Brown

Book review by
Diondra K. Brown, Common Sense Media
Brown Book Poster Image
Beautiful depiction of a family's colorful shades of love.

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A lot or a little?

The parents' guide to what's in this book.

Educational Value

Brown celebrates the beauty of different skin tones. The ambiguity of the characters' race allows for representation of different nationalities and backgrounds. 

Positive Messages

The main character's family members are a variety of brown shades. While their difference is noted, their connectedness as a family is admired. As the author writes, "we're different and the same." The book shows that families come in all colors, but it doesn't change their love for one another. 

Positive Role Models

Brown offers a positive representation of love within families, particularly those of color. The depiction of the various family members' love for one another, despite the fact that they look different, models positive behavior. 

Violence & Scariness
Language

What parents need to know

Parents need to know that Brown offers a poetic celebration for the many shades of the color and its loving nature. The book was created by two women of color. Author and poet Nancy Johnson James spotlights the love held between members of a diverse family, whose beautiful skin tones are brought to life by illustrator Constance Moore. The story emphasizes the distinctive qualities of each family member, as characterized by their special shade in the brown rainbow, truly honoring and idealizing what it means to be a brown family. 

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What's the story?

The color BROWN, and all of its unique shades, are praised in this love letter to the main character's family. A brown-eyed boy, the color of gingerbread, affectionately labels each of his family member's skin shades with creative names. Each hue of brown, from cinnamon, to chocolate, to copper, is celebrated for it's perfection. The boy explores how his family may look different but are connected by their sincere love for one another.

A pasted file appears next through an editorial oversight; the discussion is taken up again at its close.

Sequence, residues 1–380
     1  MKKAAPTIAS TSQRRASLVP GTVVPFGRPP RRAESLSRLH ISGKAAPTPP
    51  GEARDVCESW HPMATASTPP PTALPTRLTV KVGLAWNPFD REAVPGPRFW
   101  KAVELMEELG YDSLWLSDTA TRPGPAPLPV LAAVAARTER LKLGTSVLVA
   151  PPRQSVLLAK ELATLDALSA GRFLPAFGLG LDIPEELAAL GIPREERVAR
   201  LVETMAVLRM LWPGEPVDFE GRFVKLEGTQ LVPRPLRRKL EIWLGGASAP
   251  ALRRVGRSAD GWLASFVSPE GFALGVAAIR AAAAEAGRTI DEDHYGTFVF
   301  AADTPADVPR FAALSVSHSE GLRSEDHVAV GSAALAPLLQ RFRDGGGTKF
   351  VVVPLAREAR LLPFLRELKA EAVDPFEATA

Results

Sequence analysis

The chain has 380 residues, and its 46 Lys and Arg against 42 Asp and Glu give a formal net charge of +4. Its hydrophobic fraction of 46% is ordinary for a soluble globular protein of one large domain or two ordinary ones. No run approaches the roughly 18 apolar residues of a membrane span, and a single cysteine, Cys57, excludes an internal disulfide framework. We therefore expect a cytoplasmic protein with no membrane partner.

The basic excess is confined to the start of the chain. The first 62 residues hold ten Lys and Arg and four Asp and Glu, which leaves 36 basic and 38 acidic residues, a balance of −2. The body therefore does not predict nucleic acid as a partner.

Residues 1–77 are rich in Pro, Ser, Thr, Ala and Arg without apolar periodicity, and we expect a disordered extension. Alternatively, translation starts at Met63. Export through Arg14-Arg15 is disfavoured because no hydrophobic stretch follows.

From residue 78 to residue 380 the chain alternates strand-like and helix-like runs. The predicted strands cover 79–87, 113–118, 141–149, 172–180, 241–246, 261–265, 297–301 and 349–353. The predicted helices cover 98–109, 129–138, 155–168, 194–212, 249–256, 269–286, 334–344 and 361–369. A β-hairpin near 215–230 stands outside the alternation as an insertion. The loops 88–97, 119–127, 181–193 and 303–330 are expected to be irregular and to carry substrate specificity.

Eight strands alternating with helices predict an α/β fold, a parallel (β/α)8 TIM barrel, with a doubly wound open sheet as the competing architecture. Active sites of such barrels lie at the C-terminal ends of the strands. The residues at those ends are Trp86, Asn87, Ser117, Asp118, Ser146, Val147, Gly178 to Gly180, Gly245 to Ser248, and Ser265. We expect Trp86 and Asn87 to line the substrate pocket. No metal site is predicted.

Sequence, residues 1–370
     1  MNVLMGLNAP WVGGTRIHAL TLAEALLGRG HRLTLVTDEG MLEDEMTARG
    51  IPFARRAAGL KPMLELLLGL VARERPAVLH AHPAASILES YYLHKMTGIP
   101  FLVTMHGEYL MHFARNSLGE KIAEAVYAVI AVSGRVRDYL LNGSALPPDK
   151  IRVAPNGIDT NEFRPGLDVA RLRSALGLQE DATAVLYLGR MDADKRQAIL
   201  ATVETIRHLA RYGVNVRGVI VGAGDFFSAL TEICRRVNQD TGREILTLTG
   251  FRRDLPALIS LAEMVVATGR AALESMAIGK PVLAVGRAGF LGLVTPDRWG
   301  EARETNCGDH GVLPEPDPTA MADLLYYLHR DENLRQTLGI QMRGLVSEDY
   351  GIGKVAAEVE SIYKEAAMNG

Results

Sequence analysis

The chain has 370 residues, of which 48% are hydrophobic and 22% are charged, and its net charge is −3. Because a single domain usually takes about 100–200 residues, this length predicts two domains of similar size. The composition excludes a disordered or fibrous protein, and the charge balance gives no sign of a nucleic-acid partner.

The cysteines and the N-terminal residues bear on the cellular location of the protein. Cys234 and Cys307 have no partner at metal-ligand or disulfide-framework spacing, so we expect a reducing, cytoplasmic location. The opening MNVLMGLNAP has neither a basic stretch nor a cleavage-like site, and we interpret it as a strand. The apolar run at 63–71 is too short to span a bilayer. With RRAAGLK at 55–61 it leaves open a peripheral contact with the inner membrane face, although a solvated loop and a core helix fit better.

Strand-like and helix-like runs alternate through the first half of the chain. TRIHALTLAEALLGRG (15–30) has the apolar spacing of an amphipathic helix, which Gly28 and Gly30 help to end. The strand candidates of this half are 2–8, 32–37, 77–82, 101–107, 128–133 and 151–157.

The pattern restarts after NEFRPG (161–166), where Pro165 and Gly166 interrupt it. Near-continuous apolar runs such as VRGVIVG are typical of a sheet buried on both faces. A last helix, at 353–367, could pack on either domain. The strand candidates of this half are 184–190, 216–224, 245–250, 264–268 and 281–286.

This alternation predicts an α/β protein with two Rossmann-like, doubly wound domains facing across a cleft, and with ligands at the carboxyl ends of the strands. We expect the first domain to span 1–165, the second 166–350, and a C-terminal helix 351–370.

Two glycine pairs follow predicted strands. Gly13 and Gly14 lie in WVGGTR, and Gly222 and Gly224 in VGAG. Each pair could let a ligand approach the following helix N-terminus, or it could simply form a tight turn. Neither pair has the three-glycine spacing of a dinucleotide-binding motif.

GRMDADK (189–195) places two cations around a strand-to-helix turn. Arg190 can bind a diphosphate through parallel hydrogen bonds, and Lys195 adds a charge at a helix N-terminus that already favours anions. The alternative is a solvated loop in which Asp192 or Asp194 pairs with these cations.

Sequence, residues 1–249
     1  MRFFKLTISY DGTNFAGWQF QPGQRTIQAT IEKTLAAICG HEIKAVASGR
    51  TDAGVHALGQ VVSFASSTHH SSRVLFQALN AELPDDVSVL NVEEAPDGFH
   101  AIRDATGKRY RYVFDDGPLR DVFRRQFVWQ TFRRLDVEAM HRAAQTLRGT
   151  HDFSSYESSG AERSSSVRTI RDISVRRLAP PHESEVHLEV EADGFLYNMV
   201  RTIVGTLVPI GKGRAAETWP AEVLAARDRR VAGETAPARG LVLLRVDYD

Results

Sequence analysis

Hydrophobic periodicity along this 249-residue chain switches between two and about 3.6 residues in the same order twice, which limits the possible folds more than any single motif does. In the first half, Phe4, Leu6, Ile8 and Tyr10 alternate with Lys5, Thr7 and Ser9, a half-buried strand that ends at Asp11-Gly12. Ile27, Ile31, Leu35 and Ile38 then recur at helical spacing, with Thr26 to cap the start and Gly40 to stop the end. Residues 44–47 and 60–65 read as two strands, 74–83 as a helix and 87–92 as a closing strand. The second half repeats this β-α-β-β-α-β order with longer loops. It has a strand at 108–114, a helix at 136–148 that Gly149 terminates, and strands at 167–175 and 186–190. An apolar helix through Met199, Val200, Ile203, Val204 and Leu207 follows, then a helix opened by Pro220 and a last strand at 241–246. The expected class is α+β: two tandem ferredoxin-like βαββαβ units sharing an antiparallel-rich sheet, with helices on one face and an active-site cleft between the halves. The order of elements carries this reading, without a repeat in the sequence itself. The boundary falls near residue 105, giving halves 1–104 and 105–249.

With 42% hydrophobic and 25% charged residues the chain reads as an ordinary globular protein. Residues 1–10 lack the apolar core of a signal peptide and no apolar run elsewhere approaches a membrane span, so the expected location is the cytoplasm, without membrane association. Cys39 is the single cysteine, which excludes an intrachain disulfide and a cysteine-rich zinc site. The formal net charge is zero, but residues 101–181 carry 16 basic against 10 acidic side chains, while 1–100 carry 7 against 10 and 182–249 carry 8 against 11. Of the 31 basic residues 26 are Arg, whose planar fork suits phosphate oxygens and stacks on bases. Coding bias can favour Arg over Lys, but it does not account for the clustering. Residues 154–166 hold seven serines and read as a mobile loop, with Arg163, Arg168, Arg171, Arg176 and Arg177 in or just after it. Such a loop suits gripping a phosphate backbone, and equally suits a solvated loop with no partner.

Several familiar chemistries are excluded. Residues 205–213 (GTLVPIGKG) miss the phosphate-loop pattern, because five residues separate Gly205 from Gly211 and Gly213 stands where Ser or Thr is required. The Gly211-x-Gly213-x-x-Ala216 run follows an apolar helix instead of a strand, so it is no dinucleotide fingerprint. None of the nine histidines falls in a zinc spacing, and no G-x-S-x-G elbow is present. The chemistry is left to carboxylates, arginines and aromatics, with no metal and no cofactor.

Is it any good?

In this perfectly illustrated ode to a family's love and interconnectedness, diversity is acknowledged in a special way. Brown gives children of color the opportunity see a reflection of themselves and their family members on the pages. The author includes several similes that facilitate creative thinking and categorization skills for young readers. The watercolor and crayon drawings bring a sense of familiarity and warmth to the pages. The beautiful nature of the color brown is equated to "many shades of love." 

Talk to your kids about ...

  • Families can talk about the characteristics of the folks in Brown. What makes them different from and the same as members of their family? 

  • What color would you call your skin's hue? Could you name the color after a food, something in nature, or a toy? 

  • Draw or paint portraits of you and your family members. Pay special attention to all of their unique features. 

Book details

Our editors recommend

For kids who love self-esteem books and tales of Black and Brown kids

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